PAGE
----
My husband wants to be in another room

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Dear Meredith,

I've been married to my high school sweetheart for 20 years now and we share three children who are all in their teens. I'm not completely sure how it all started, but our relationship has been on the rocks for about the past five years and on really shaky ground for the past two. We're at a point now where we hardly speak or even sleep in the same room. We've both seen therapists separately (him for a few years) and are in marriage counseling as well (for six months), yet we still seem to be drifting further apart. He's been diagnosed with ptsd and dissociation/derealization, so I guess that explains part of the emotional shut down and shut out.

However, this still leaves me in the dark and lonely because he refuses to talk about anything outside of routine household/child maintenance/schedules with me. Our marriage counselor has given us "assignments" to help us to open up and connect, but he won't participate in those either. I'm so torn because I don't want to add to his suffering or turn my kids' lives upside down, but I don't know how much longer I can go on like this. For example, the kids and I went out of town this weekend for a big family event and he didn't want to go, so I didn't push it. We returned after two days and he spent the most of the evening on the balcony by himself, leaving the room we were in (he's told me in the past he goes out there to be alone, so not to join him), and then he came to the couch when the kids and I went to bed. I'd invited him to the bedroom when I went to bed, but he said he was going to watch television for a while, and then he never came. Even our kisses have become emotionless. There's nothing volatile and angry between us, there's just nothing. Am I just being too selfish or too needy to want more? Is this what long-term marriages look like?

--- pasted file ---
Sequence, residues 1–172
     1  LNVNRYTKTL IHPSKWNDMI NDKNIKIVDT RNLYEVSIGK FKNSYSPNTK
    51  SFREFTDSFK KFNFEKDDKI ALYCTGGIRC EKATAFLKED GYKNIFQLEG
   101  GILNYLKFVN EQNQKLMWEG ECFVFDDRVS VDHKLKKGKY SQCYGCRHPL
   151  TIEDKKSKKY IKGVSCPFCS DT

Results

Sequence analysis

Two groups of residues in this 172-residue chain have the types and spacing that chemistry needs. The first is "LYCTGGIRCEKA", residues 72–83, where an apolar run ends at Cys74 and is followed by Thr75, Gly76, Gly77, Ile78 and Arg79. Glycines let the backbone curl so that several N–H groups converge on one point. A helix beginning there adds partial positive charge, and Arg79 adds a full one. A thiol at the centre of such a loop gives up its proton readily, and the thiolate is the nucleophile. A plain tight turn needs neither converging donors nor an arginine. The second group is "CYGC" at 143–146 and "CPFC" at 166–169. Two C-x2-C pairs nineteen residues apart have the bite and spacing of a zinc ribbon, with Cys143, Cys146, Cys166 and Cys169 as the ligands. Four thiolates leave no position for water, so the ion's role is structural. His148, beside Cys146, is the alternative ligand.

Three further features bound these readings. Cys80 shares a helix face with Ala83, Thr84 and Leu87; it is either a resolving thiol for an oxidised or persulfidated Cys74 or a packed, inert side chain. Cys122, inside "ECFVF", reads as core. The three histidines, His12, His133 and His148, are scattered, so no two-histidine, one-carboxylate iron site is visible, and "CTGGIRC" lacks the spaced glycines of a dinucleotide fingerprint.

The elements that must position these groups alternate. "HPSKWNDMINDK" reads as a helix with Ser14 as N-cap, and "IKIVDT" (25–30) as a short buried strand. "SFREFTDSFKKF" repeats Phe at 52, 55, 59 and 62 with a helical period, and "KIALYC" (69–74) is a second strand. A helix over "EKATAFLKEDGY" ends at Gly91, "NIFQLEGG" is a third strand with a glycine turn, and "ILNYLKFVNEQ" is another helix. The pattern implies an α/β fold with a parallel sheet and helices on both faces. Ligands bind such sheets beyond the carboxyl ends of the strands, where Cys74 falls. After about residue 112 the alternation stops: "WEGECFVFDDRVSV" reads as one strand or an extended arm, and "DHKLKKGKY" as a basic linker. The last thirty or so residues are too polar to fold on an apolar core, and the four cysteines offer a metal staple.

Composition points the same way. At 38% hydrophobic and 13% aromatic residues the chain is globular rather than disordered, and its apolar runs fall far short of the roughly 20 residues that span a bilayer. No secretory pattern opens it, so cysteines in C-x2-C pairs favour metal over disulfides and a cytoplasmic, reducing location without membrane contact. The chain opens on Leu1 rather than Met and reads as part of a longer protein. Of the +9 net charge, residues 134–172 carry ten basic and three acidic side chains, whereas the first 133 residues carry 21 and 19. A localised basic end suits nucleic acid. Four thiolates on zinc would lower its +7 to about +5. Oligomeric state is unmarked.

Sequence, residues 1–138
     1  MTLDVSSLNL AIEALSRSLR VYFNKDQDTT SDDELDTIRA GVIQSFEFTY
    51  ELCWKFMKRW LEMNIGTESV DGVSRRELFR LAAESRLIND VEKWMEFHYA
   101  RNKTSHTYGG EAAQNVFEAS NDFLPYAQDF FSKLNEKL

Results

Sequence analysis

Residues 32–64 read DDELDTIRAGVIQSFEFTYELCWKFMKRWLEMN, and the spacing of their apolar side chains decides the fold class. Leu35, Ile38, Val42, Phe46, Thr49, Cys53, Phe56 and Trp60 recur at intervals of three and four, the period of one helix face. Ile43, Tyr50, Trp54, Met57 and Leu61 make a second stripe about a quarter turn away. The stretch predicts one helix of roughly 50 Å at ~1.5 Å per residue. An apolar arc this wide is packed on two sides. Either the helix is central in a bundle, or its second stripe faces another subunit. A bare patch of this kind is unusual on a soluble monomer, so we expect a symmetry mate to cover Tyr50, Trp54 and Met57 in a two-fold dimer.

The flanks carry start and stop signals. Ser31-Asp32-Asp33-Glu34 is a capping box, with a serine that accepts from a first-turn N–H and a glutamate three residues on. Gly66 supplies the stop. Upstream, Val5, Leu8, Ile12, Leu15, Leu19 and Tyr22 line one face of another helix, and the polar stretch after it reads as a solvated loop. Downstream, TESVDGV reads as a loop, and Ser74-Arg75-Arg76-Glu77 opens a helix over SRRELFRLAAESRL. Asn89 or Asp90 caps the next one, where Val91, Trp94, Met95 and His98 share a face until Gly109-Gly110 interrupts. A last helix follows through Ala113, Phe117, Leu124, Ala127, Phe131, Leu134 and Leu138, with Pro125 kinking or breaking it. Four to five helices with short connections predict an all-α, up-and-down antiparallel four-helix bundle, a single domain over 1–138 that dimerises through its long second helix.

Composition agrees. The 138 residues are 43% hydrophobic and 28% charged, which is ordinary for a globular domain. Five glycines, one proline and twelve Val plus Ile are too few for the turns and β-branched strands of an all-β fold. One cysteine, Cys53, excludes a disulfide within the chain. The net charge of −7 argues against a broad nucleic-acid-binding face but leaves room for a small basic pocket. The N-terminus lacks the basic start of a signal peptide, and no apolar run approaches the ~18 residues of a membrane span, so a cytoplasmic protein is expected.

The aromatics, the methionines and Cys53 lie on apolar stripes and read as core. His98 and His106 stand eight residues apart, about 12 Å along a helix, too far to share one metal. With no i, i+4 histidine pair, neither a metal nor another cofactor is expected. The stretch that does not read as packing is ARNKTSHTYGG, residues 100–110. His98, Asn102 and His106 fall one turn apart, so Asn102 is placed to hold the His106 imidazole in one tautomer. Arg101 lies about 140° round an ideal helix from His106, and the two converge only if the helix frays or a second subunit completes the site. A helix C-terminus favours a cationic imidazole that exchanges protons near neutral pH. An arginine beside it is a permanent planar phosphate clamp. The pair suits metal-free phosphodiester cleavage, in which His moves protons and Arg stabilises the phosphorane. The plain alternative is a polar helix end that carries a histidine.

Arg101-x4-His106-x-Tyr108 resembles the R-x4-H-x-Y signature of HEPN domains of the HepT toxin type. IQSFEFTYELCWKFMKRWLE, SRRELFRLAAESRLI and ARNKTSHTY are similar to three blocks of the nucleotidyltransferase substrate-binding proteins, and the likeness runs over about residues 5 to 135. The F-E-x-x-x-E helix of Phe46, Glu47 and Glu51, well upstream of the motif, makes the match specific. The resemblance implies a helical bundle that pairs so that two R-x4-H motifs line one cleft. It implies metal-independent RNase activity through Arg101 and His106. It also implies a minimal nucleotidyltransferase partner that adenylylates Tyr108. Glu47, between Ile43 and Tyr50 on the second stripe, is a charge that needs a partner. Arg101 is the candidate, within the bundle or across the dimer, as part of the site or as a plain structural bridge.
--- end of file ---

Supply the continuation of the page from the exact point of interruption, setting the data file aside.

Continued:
– Alone in a Full House

"Is this what long-term marriages look like?"

This is what your marriage looks like. You have therapists who've told you why.

You and your husband are trying, it seems, but things aren't improving. So now what?

Use your couples counseling time to talk about what it would mean to stop working against your husband's desire to detach. Would living on his own add to his suffering or would it be a relief? What if there was a plan to separate as the kids get older?

I guess I'm wondering whether you're both working toward the same goal – to be better together. Maybe his version of "selfish and wanting more" involves leaving the marriage so you both can live your own lives without feeling like you're disappointing each other every day.

As far as the kids go, they probably know what's happening, right? It might be good for them to see their parents choose more happiness. Sometimes the healthiest choice is removing yourself from a hurtful situation.

You're not selfish for wanting more from a partner, and I'm sure it's painful for you to know that the person you love is waiting for you to be gone before he enters the room. That is not why you got married. You want to feel appreciated and loved. You want to feel like good company.

I'm not sure if your husband is capable of being the person who watches TV, cuddling with you on the couch.

If this isn't a marriage that can make either of you happy, your homework can be a reality check and next steps.

– Meredith

Readers? At what point do you make the choice to leave? What if the therapy is highlighting the problem instead of making it better?